They say having a new baby is one of the biggest joys of life. Yet, a poll conducted by Royal College of Nursing with 2,000 new parents has revealed that two in five parents experience mental health issues. What’s worse, less than half seek professional help, as many parents loathe admitting openly that having a baby is the reason behind their depression, insomnia and anxiety. Why is this so?
Mental Health Issues In New Parents
Postpartum depression is prevalent in at least 10% -15% of expectant mothers, though researchers are slowly finding out that these figuring are overtly underestimated. As the poll conducted by RCN finds, the numbers are more like two in five parents.
In fact, a Danish study has found out that 1 in 1000 women suffer a serious psychotic disorder like severe depression, schizophrenia or bipolar disorder within 3 months of having their baby. But it isn’t just the women who become victims of mental illness post a baby; men are at high risk too. What makes matters worse is that men have lack of support as most doctors and healthcare experts focus more on new mothers and their babies.
Not only to 46% of new parents suffering from mental illness do not seek professional help because of the on-going stigma attached to mental illness, most are often scared to openly admit their ‘baby blues’ are a tad more serious for the fear of being labeled as ‘unfit parents’.
Are You At Risk?
New moms face an increased risk of mental illness, according to several research studies. How to know if you are at risk too? Here are a few risk factors:
- Previous history of depression or mental illness
- A difficult delivery with medical complications
- Relationship difficulties
- Constant stress as you try to cope with a new baby and regular life
- Lack of support with the new baby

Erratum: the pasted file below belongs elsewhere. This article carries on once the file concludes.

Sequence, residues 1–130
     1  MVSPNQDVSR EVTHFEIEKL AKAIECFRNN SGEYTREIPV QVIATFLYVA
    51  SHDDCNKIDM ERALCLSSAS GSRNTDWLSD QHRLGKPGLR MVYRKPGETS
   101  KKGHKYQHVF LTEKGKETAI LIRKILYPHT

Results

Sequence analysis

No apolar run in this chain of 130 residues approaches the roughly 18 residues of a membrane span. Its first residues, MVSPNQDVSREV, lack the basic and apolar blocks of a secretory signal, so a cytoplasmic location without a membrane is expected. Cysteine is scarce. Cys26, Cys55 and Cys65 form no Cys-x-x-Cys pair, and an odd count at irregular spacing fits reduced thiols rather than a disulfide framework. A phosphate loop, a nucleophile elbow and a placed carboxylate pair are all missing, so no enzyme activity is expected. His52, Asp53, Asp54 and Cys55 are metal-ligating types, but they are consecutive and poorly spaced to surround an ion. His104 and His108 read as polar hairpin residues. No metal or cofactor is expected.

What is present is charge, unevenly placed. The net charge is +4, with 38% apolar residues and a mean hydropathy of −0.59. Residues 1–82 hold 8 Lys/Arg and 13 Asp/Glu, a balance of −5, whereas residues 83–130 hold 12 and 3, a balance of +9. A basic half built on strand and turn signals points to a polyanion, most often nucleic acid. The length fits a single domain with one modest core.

- Problems with the baby’s health
- Changes in your job and financial status because of a baby
- Difficulty getting any restful sleep
- Severe PMS (Premenstrual Syndrome)
Tips To Beat Baby Blues
If you are suffering from ‘Baby Blues’, now is the time to take care of yourself and focus on self-healing; before your postpartum depression turns into a full-blown mental illness. Here are our top tips to beat baby blues:
- Make time for yourself to relax, eat your meals on time, and get some physical exercise
- Ensure that you aren’t the only one caring for a difficult or demanding baby. Hire help and seek the support of family and friends
- Make an effort to have open, honest conversations with your spouse/partner so that both of you are aware of how the other person actually feels about the new baby. Don’t forget about the new daddy; many men suffer from lack of support.
- Join a group for new parents so that you have an emotional support group who is dealing with similar situations.
- Seek medical help if your disturbing thoughts and physical symptoms are disrupting a normal lifestyle.
Even though postpartum depression affects both the parents, its way less spoken about when it comes it men. So, checkout this video, might help.